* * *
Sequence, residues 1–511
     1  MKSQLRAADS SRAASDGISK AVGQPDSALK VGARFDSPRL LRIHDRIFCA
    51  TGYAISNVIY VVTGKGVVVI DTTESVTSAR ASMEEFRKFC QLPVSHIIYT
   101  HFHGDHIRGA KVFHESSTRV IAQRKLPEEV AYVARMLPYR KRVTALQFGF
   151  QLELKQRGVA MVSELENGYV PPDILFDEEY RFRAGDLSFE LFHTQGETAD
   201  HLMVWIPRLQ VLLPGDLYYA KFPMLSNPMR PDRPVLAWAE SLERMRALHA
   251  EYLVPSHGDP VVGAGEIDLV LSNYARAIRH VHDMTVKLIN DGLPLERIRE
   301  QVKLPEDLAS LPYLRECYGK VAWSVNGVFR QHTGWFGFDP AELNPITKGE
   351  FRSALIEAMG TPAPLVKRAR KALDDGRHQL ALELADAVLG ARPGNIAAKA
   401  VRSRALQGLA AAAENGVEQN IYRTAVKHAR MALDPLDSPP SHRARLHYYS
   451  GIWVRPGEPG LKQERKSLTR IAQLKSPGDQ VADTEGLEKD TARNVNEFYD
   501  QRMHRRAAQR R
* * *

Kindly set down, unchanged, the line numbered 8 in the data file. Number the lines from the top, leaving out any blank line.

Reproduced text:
   301  QVKLPEDLAS LPYLRECYGK VAWSVNGVFR QHTGWFGFDP AELNPITKGE